Decolonizing means critically reflecting on what we teach, how we teach and why we teach what we do, to ensure that Waldorf education is truly inclusive, celebrates diversity and enables children and young people to develop intercultural competence. It means countering all forms of discrimination, giving voices to those who have been marginalized by history and avoiding essentialist ideas of culture, cultures, cultural evolution, peoples, nations, languages, historical periods and all psychological typologies of people.
Waldorf education has the potential to provide meaningful learning opportunities for cultivating the sensibilities, dispositions, skills and knowledge that young people require in a multi-cultural world and it should be at the forefront of education for diversity, inclusion and intercultural learning. It does, however, first need to put its own house in order.
Decolonizing is not something that can occur quickly by simply drawing attention to the problem, publishing statements of intent and changing a few things in the curriculum. It takes a long time for deep-seated, unconsidered, embodied attitudes to be acknowledged, made conscious and changed. This process has barely begun within the international Waldorf community.
Decolonizing is a multi-layered task that needs to take different forms and have specific focus in each location, in each school, in each community and nation. It is equally a task for teachers in countries that do not have a history of colonization (and more countries have histories of benefitting from colonization than is generally realized). The close historical links between European colonization, slavery, the founding of settler states, the suppression and disempowerment of women and the emergence of capitalism are not widely understood and certainly not represented in Waldorf curricula. Western ideas of rationalism and materialistic science led to racism and ecological exploitation and in the form of neoliberalism, have led to the Global economic North-South divide, which in turn has led to the economic dependencies and political manipulation that manifest in conflict, mass migration movements and the corresponding neo-conservative backlash that manifests in the rise of xenophobia and neo-nationalism and anti-wokeism. Neoliberalism shapes education by reducing it to measurable outcomes and high stakes testing.
Waldorf education is widely understood as a coherent, uniform approach that is applicable all over the world, with minor local adaptations. This arboreal view (all schools are seen as fruits of a single, original metaphorical tree that grew in Stuttgart) has to be replaced by more globalectic and rhizomic understandings (local initiatives emerge and grow from a common network of ideas that has no centre) and there is no hierarchy or central ownership of Waldorf ideas.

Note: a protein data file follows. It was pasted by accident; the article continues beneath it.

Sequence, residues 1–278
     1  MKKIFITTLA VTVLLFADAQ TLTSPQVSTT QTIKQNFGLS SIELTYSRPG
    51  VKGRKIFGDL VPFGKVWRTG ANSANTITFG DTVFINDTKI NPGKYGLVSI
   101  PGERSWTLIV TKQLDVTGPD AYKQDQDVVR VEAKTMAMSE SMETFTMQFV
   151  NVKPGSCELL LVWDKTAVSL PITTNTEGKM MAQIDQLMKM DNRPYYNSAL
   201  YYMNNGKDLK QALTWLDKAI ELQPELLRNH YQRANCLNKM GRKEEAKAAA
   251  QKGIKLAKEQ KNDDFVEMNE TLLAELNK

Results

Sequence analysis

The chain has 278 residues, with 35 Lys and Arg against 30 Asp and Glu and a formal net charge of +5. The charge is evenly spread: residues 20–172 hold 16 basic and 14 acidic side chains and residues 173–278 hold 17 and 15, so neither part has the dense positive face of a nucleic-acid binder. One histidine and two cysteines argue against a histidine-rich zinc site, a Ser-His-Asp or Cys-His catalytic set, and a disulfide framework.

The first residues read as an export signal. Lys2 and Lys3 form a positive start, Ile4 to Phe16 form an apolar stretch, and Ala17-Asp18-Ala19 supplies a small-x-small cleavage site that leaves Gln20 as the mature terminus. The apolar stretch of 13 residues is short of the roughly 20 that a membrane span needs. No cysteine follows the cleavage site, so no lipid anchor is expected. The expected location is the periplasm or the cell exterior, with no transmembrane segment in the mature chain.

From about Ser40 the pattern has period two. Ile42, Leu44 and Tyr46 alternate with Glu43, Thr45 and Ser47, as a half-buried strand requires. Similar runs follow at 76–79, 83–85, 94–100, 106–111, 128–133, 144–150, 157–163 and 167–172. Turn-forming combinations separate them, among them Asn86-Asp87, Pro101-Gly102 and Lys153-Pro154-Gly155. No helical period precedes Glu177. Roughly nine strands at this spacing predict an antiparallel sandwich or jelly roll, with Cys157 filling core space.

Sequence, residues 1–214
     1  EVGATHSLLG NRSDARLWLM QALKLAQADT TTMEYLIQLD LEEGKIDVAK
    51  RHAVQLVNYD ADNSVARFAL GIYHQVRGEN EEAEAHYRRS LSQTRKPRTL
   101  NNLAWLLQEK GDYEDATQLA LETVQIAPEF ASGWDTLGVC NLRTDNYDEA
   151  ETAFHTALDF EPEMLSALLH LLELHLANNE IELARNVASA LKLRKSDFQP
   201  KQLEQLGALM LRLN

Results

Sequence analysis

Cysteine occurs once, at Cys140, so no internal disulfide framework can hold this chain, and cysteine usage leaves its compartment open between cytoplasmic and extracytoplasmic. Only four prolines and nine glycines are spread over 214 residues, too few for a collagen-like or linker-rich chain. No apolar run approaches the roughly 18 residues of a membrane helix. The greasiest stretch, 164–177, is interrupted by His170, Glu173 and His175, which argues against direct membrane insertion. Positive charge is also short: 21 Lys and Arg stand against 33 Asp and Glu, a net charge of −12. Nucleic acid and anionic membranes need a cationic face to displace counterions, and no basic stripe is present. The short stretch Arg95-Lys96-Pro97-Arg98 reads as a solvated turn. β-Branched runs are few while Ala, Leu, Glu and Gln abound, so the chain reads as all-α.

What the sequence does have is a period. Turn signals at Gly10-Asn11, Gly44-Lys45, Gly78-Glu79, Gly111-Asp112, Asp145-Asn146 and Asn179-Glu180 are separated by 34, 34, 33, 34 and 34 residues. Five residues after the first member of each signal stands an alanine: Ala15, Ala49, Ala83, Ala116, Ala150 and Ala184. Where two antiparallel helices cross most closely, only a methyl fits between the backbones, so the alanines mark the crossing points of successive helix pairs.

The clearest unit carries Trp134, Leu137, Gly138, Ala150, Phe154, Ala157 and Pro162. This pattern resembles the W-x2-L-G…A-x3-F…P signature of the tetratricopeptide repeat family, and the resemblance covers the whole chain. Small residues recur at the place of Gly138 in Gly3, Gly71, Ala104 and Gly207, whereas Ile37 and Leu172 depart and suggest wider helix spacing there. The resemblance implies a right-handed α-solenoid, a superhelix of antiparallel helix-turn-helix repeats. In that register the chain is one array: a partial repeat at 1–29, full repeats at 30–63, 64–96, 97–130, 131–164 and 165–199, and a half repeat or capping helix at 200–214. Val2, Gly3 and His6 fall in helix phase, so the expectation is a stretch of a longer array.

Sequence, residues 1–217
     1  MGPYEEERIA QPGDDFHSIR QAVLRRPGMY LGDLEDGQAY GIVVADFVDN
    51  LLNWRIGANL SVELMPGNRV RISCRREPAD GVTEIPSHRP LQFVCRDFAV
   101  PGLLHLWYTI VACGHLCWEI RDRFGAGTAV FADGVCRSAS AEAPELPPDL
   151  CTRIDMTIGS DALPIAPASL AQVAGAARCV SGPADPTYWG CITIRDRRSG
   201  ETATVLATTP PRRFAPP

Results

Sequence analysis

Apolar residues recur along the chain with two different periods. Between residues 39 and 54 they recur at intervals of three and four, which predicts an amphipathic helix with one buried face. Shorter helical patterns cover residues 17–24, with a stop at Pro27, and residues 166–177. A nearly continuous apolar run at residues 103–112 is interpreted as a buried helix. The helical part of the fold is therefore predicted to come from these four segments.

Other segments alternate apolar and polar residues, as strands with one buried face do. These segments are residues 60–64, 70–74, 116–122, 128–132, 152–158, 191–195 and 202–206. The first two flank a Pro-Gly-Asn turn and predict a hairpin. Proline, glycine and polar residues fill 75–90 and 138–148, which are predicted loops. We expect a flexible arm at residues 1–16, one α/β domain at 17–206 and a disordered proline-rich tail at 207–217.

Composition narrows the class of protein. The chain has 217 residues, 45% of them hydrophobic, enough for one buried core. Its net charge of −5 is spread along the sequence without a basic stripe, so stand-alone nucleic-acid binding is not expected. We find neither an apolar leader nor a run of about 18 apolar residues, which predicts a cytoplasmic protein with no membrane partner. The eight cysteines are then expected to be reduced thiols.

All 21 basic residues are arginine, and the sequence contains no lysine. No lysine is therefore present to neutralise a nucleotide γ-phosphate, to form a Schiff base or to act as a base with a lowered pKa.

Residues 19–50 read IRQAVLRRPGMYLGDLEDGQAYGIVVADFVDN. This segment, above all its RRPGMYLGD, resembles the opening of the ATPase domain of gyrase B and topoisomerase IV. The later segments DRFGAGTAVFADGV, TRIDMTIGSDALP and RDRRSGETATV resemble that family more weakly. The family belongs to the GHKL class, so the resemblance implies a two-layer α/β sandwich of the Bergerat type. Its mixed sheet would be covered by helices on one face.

There are a number of aspects of Steiner’s anthroposophical works that are problematical with regard to diversity and cultural recognition, including his emphasis on overcoming generic aspects of identity (e.g. race, gender, cultural background, religion etc.). Part of the decolonizing process is to address these issues not merely from an apologetic position that aims to minimize or explain away the significance of the statement Steiner made, but critically. Admitting that Steiner made mistakes, misjudged situations, used inappropriate language (even by the standards of his own times) will not threaten the structure of anthroposophy, or undermine the credibility of Waldorf education as many people fear. Rather the opposite is the case. If these aspects of Steiner’s work are not understood, acknowledged and corrected, this will continue to weaken both anthroposophy and Waldorf education.
The task of decolonizing Waldorf education includes finding new approaches to how history and culture are taught (e.g. cultural epochs and essentializing languages), what narratives are taught, what music is learned, what arts and crafts are practiced and so on, that nevertheless acknowledge the generative principles of Waldorf education. Perhaps more importantly, Waldorf education needs a new approach to intersubjectivity, interpersonal relations and interculturality. Steiner’s approach to these aspects was incomplete and underdeveloped, though by stating (in his Philosophy of Freedom) that when we perceive another person, we should not try to understand them with our concepts and impose these on our understanding and recognition of the other, but should accept their own self-identification, Steiner showed the direction in which this should be developed. We should try to understand the other’s concepts from their perspective as self-interpreting human beings. One could call this empathic understanding, and this provides the basis for a dialogic understanding, leading to a fusion of horizons.
Waldorf education has a core of universalistic principles that have historically been interpreted in culturally specific ways, though this process has not been fully understood. Many aspects that are assumed to be inherently Waldorf, are actually coloured by local, social and cultural assumptions. This has also occurred over time. One need only think of how the 1968 counter-culture movement was projected onto Waldorf, or how the relationship of Waldorf education to the state is seen – by some as a justification for expensive private schools, by others as a means to social inclusion. One of the tasks of decolonizing through Waldorf, is teasing out the generally valid aspects from the locally specific aspects of the education.